In a recent blog, I suggested that we have finally lost patience with Facebook after new revelations by whistleblower Frances Haugen and the Wall Street Journal. Leaked documents show that FB knows that almost six million VIPs are given special dispensation to violate their content standards; criminals use FB to recruit women, incite violence against ethnic minorities, and support government action against political dissent; Instagram is toxic to many young girls, contributing to poor self-image, mental health, and suicidal thoughts; the firm relaxed its safeguards too soon after the U.S. election, contributing to the January 6 riot; and FB is incapable of suppressing election and vaccine misinformation.Read More »
Cybersecurity expert Prof. Susan Landau’s valuable and insightful recent book, People Count: Contact-Tracing Apps and Public Health, stresses that trust in government is essential to making contact tracing work for everyone.
Contact tracing is a process for identifying, informing, and monitoring people who might have come into contact with a person who has been diagnosed with an infectious disease such as COVID-19. It starts with a positive test. Public health officials then need to know who that person might have inadvertently infected. This requires tracking down anyone that person had contacted (was “close enough” for “long enough”) recently (14 days in the case of COVID). They can then be informed that they might have been infected and take measures to quarantine and monitor for symptoms. For example, restaurants initiate tracing by recording the name and phone number of one person in each party taking a table in the restaurant.Read More »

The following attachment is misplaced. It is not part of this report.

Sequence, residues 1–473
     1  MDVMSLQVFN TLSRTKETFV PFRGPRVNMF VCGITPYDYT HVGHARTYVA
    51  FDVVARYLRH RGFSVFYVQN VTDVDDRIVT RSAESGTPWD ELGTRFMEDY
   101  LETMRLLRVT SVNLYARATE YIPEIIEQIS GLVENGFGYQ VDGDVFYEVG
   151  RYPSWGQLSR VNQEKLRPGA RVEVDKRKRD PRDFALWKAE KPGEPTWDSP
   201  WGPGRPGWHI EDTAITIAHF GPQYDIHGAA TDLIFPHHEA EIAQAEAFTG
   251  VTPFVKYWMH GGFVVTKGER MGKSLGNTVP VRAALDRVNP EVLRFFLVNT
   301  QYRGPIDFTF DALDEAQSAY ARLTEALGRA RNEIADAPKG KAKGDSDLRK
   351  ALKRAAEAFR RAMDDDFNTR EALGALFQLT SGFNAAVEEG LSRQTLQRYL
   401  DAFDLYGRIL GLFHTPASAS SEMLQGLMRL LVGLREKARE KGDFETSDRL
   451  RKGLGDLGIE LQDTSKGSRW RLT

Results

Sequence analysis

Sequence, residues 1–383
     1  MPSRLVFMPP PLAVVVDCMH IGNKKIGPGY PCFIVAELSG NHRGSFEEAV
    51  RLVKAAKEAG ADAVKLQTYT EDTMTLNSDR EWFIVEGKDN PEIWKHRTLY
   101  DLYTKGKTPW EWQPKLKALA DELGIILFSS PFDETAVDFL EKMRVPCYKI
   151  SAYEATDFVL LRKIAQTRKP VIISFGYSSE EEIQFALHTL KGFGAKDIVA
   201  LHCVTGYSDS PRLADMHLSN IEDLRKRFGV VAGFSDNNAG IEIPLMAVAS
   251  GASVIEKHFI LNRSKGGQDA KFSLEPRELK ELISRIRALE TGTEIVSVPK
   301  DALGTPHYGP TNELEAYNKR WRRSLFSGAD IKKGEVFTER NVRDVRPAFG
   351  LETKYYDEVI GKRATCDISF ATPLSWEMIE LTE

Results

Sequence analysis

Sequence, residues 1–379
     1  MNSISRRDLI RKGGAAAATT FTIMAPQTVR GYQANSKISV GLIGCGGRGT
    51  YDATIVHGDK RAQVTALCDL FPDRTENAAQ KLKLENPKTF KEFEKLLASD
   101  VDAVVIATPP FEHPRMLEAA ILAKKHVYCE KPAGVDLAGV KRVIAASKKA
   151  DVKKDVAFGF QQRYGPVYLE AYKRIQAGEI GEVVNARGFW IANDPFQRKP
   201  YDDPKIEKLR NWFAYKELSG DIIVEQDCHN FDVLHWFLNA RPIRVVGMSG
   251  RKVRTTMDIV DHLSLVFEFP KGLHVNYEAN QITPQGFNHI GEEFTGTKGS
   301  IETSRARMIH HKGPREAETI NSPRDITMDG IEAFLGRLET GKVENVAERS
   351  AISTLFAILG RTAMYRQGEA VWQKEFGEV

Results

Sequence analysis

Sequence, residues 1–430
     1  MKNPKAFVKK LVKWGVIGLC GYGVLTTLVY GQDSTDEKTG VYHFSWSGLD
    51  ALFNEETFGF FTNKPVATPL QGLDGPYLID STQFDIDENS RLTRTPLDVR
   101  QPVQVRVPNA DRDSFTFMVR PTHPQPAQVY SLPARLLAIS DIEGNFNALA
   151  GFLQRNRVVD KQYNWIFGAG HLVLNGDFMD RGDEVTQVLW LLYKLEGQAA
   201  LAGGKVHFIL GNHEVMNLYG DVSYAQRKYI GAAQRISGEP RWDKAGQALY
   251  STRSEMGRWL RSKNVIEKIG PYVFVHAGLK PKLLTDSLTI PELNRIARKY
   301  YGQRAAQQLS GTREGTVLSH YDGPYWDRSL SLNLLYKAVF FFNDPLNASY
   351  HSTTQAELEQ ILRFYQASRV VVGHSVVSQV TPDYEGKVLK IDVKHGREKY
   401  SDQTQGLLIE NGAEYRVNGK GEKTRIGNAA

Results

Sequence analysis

Many issues discussed in Computers and Society: Modern Perspectives suggest a need for legal remedies, such as the case of monopoly power in digital technology industries. Other issues raise ethical quandaries, such as the cases of employees of such firms who find actions of their employers immoral. In almost all cases, such as technology addiction, fake news, and unjust algorithms, wise legal actions and informed moral choices depend upon having good information about what, how, and why things are happening. This requires research. In an excerpt from his excellent recent book The New ABCs of Research: Achieving Breakthrough Collaborations, published by Oxford University Press, Emeritus Prof. Ben Shneiderman suggests that what is needed is applied research illuminating context and situations coupled with basic research illuminating causes.Read More »